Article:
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Fitbit’s slide continues after new Blaze panned as ‘not-so-smart watch’

Fitbit brought its Blaze fitness tracker to the 2016 Consumer Electronics Show (CES) in Las Vegas earlier this month.

David Paul Morris/Bloomberg

Shares of Fitbit Inc. have fallen to a new low amid a weeklong slide that started when the company's new "fitness watch" failed to impress at last week's Consumer Electronics Show in Las Vegas.

The wearable fitness company's stock fell more than 12 per cent to $18.85 (U.S.) on Monday, down nearly 37 per cent over the last five days, and below its June, 2015 IPO price of $20.

Fitbit CEO and co-founder James Park defended the company's new devices in an interview at CES last week, arguing that its financial performance is strong and customer demand is high. "I would say that the Wall Street investor and our customers are not the same audience," he said.

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The trouble started ahead of CES 2016, when Fitbit showed off a new product called the Blaze at a Jan. 5 news conference in Las Vegas. While the Blaze will connect to smartphones and serve up calendar notifications and other alerts, it's not an app-centric smartwatch like Apple Watch, Android Wear devices or even the Pebble watch.

Critics panned the $199 device as too expensive for something that is not a full smartwatch. Sterne Agee analyst Rob Cihra called it "a not-so-smart watch with limited apps."

The day of the announcement, shares dropped 18 per cent and were down 27 per cent by the end of the week.

Mr. Parks said the decision to update Fitbit's product lineup, which includes eight versions of its fitness trackers, with something less ambitious than the Apple Watch was deliberate. "We took a very different approach. The common knocks against smartwatches today is they do too much, it's overwhelming."

Analysts questioned the strategy.

"There are 10,000 apps on the Apple watch, yet Fitbit counters that most folks use just three on average," wrote RBC analyst Mark Sue. He also pointed to the increased competition in Fitbit's category: "We are not necessarily worried about the Garmin and Jawbones of the world, but large companies ranging from Samsung, Under Armour, Huawei, etc. are persistently trying to break into the market."

For a device intended to be more fashionable than Fitbit's usual rubberized fare – the Blaze features a removable core so users can customize the colour of the metal frame, as well as a variety of band choices – some reviewers labelled it ugly and clunky.

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Leerink Research issued a weekend note on Fitbit in which one analyst "sees the Blaze as a strategic misstep and style miss with poor sales prospects, particularly in the first quarter as Apple Watch 2 looms."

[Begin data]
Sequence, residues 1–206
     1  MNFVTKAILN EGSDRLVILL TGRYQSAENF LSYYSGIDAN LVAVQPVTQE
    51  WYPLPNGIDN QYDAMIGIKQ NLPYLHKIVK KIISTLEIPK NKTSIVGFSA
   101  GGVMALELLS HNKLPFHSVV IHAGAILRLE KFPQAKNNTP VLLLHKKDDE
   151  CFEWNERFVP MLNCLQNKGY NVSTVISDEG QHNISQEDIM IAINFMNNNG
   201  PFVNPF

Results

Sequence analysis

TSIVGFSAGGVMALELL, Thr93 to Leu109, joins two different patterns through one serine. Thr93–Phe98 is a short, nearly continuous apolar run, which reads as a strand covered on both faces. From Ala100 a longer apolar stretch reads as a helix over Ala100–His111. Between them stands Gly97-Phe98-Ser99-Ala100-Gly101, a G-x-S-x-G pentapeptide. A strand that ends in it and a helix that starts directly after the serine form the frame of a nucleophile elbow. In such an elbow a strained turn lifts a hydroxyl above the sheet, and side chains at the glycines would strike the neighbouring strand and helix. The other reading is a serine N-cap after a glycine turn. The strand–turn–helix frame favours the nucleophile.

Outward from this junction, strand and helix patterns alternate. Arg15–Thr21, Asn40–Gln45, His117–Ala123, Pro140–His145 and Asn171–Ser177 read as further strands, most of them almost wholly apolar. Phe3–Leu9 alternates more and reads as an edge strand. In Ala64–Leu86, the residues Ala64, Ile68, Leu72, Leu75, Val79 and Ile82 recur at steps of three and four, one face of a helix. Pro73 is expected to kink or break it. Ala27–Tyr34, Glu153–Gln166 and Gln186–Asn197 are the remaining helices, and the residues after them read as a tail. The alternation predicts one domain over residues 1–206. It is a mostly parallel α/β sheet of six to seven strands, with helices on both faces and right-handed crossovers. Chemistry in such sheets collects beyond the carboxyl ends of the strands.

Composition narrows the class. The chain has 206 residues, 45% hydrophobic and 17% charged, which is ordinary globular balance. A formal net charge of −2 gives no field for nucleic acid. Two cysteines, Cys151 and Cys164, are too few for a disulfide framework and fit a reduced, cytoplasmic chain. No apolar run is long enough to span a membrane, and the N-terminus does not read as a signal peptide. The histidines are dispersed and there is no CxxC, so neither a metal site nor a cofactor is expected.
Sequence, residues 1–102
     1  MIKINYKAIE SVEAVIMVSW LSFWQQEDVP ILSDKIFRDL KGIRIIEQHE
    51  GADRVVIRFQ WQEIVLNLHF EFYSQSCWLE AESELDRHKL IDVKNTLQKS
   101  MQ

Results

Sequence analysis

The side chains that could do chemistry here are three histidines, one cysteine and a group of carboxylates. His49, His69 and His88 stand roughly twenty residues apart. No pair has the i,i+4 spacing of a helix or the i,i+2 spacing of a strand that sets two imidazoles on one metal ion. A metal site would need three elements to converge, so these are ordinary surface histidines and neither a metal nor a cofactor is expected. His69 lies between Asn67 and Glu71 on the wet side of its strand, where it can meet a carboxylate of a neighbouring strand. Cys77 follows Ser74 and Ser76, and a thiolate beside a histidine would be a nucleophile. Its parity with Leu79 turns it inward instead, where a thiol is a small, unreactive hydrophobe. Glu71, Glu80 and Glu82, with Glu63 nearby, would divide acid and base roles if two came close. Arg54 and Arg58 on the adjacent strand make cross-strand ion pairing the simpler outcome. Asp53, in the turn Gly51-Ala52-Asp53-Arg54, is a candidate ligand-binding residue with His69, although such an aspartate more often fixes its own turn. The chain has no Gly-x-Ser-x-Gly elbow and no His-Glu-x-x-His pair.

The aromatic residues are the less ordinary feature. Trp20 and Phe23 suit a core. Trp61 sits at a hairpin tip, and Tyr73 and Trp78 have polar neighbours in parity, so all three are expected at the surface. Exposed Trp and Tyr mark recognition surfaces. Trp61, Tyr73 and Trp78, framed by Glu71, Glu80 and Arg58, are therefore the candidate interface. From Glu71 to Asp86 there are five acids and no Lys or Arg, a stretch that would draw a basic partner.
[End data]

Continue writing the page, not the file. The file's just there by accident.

"You can't please everybody when it comes to design," Mr. Park said. "If you read the early Apple Watch commentaries, 'it's too bubbly!'"

Mr. Park said he was not concerned about the company's valuation, and cited a generally tough climate for tech companies (last week, Apple shares fell below $100 for the first time since 2014 ).

Market research company IDC's most recent quarterly tracking report still had Fitbit as the No. 1 wearable tech company by shipments, with 22 per cent, but the expectation is that Apple, with 19 per cent, may soon surpass it.

"One of the biggest competitive advantages is we have a huge community of users," Mr. Park said. "As of Q3 last year, we've shipped over 30 million devices – it's a huge user base and that exhibits a lot of network effects. People buy Fitbit not only for hardware, but because they want to compete with their friends and family." Fitbit's app allow users to opt in to have their activity logs monitored by other users.

Even if Fitbit is not playing in the smartwatch category, analysts at Gartner have estimated that 70 million fitness trackers were sold in 2015, a number that could zip up to 500 million units a year by 2020, or 49-per-cent compounded annual growth worldwide.

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Mr. Park also noted the company's first two quarters beat analyst expectations and the company raised its guidance. Fitbit's last quarterly earnings in November showed revenue of $409-million, up 168 per cent year-over-year, and earnings per share of 19 cents.

He sees Fitbit's North American penetration as still pretty low, but said that overseas growth was even stronger, up 300 per cent year-over-year in the Africa-Middle East and Asia Pacific regions.

The Blaze goes on sale in March at 48,000 retail locations worldwide. In Canada, it will be priced at about $250 (Canadian), with additional accessories (extra bands or frames) ranging from $40 to $180.

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About the Author
Technology reporter

Shane Dingman is The Globe and Mail's technology reporter. He covers BlackBerry, Shopify and rising Canadian tech companies in Waterloo, Ont., Toronto and beyond. More

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